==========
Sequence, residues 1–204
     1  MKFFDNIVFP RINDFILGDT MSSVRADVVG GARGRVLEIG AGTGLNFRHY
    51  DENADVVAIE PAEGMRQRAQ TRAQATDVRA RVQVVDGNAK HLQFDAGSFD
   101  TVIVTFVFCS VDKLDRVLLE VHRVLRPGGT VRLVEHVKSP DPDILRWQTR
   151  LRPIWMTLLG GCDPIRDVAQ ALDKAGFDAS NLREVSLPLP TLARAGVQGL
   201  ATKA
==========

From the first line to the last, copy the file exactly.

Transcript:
Sequence, residues 1–204
     1  MKFFDNIVFP RINDFILGDT MSSVRADVVG GARGRVLEIG AGTGLNFRHY
    51  DENADVVAIE PAEGMRQRAQ TRAQATDVRA RVQVVDGNAK HLQFDAGSFD
   101  TVIVTFVFCS VDKLDRVLLE VHRVLRPGGT VRLVEHVKSP DPDILRWQTR
   151  LRPIWMTLLG GCDPIRDVAQ ALDKAGFDAS NLREVSLPLP TLARAGVQGL
   201  ATKA